A method is presented to partially transfer nuclear spin polarization from one isotope S to another isotope I by the way of heteronuclear spin couplings, while minimizing the loss of spin order to other degrees of freedom. The desired I spin polarization to be detected is a design parameter, while the sequence of pulses at the two Larmor frequencies is optimized to store the greatest unused S spin longitudinal polarization for subsequent use. The unitary evolution for the case of I_NS spin systems illustrates the potentially ideal efficiency of this strategy, which is of particular interest when the spin-lattice relaxation time of S greatly exceeds that of I. Explicit timing and pulses are tabulated for the cases for which M ≤ 10 partial transfers each result in equal final polarization of 1/M or more compared to the final I polarization expected in a single transfer for N = 1, 2, or 3 I spins. Advantages for the ratiometric study of reacting molecules and hyperpolarized initial conditions are outlined.https://resolver.caltech.edu/CaltechAUTHORS:20111108-072024737Polarization of nuclear spins by a cold nanoscale resonator
https://resolver.caltech.edu/CaltechAUTHORS:20120105-140856686
Year: 2011
DOI: 10.1103/PhysRevA.84.063407
A cold nanoscale resonator coupled to a system of nuclear spins can induce spin relaxation. In the low-temperature limit where spin-lattice interactions are "frozen out," spontaneous emission by nuclear spins into a resonant mechanical mode can become the dominant mechanism for cooling the spins to thermal equilibrium with their environment. We provide a theoretical framework for the study of resonator-induced cooling of nuclear spins in this low-temperature regime. Relaxation equations are derived from first principles, in the limit where energy donated by the spins to the resonator is quickly dissipated into the cold bath that damps it. A physical interpretation of the processes contributing to spin polarization is given. For a system of spins that have identical couplings to the resonator, the interaction Hamiltonian conserves spin angular momentum, and the resonator cannot relax the spins to thermal equilibrium unless this symmetry is broken by the spin Hamiltonian. The mechanism by which such a spin system becomes "trapped" away from thermal equilibrium can be visualized using a semiclassical model, which shows how an indirect spin-spin interaction arises from the coupling of multiple spins to one resonator. The internal spin Hamiltonian can affect the polarization process in two ways: (1) By modifying the structure of the spin-spin correlations in the energy eigenstates, and (2) by splitting the degeneracy within a manifold of energy eigenstates, so that zero-frequency off-diagonal terms in the density matrix are converted to oscillating coherences. Shifting the frequencies of these coherences sufficiently far from zero suppresses the development of resonator-induced correlations within the manifold during polarization from a totally disordered state. Modification of the spin-spin correlations by means of either mechanism affects the strength of the fluctuating spin dipole that drives the resonator. In the case where product states can be chosen as energy eigenstates, spontaneous emission from eigenstate populations into the resonant mode can be interpreted as independent emission by individual spins, and the spins relax exponentially to thermal equilibrium if the development of resonator-induced correlations is suppressed. When the spin Hamiltonian includes a significant contribution from the homonuclear dipolar coupling, the energy eigenstates entail a correlation specific to the coupling network. Simulations of dipole-dipole coupled systems of up to five spins suggest that these systems contain weakly emitting eigenstates that can trap a fraction of the population for time periods ≫100/R_0, where R_0 is the rate constant for resonator-enhanced spontaneous emission by a single spin 1/2. Much of the polarization, however, relaxes with rates comparable to R_0. A distribution of characteristic high-field chemical shifts tends to increase the relaxation rates of weakly emitting states, enabling transitions to states that can quickly relax to thermal equilibrium. The theoretical framework presented in this paper is illustrated with discussions of spin polarization in the contexts of force-detected nuclear-magnetic-resonance spectroscopy and magnetic-resonance force microscopy.https://resolver.caltech.edu/CaltechAUTHORS:20120105-140856686Resonator-induced dissipation of transverse nuclear-spin signals in cold nanoscale samples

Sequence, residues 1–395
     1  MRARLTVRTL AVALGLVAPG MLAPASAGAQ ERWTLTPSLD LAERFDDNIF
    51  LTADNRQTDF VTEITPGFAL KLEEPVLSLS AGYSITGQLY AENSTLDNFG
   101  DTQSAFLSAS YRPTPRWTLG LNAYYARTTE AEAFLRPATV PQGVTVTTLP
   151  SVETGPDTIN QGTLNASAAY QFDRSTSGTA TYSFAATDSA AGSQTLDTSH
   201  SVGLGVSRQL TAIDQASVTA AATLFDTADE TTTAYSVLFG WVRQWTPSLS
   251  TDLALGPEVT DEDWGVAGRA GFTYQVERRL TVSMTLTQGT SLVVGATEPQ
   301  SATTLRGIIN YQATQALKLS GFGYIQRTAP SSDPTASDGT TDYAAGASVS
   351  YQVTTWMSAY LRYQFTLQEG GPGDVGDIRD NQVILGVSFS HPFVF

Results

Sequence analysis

https://resolver.caltech.edu/CaltechAUTHORS:20120330-134535697
Year: 2012
DOI: 10.1103/PhysRevB.85.104405